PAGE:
Friday 11 October 2013

Vroom vroom

On the Erasmus Students tumblr here.

I am a woman. Although I can appreciate men’s obsession with cars, I will never understand it. The route to my heart tends to be one that teeters on designer heels, rather than revs with a powerful engine. My kind of suede interiors are those which envelop my feet, not those designed for swanky seating, and I have more experience with safety straps which prevent ankles slipping than bodies escaping.

It was thus with muted enthusiasm that I embarked on a visit to the IAA, Frankfurt’s famous annual car show which attracts auto aficionados in their droves. There were traffic jams of people queuing up to photograph the latest models, with cameras flashing and people shouting in a frenzy which I can only compare to that which surrounds the release of a highly-anticipated new collection at fashion week.

My brain must be wired differently, I initially thought. While the intricate embellishments of a couture gown could captivate me for hours and engender a quasi-religious reverence for the talents of its designer, put a car in front of me – whose design has required equally lengthy deliberation, undergone just as many prototypes, demanded the same painstaking attention to detail – and I fail to be moved.

Until last weekend, that is. There was something about the show that swept me along in all the excitement. Was it the glossiness of the bodies, kept optimally glitzy by dedicated helpers holding fluffy cleaning sticks? Or the tone of the engines, appealing to me to reassess their outpourings as friendly purrs rather than hostile roars? Or simply the glamour of it all, with cars displayed in all their glory like catwalk models on display to adoring fans?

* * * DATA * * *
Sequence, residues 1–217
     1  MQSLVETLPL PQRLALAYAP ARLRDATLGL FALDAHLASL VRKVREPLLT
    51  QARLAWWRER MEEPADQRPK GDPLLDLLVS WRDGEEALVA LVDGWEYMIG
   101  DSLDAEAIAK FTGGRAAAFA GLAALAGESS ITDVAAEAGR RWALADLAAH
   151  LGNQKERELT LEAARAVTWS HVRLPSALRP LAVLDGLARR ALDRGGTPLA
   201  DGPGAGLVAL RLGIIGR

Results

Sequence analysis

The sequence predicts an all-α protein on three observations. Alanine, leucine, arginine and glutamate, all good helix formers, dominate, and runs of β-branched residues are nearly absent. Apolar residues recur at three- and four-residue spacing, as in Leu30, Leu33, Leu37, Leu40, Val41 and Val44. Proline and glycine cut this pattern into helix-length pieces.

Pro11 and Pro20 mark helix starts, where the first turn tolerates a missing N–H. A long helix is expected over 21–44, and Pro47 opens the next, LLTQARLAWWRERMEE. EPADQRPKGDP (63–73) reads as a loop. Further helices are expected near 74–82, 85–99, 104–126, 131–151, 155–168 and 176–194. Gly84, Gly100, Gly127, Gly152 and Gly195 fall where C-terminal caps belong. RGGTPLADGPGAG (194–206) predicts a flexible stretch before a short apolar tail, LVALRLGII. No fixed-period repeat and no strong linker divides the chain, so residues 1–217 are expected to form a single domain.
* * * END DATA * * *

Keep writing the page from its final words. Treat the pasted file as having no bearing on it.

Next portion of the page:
Whatever it was, I was completely won over. I watched with wide eyes as new models were rolled out and driven across the stage. I queued for photos inside cabriolets. I pored over brochures detailing the latest hybrid technology with a level of interest formerly only ever exhibited upon the publication of Vogue’s couture reports.

And when we were given a demonstration of an app which parks a car itself, my transformation into a car lover was complete. Now it would be possible to not only wear unsuitable shoes for driving, but also not worry about the consequences of doing so for the car! Genius.

Somehow I think the shoe addiction might have been a safer affliction. Blahniks are certainly cheaper than Bentleys.

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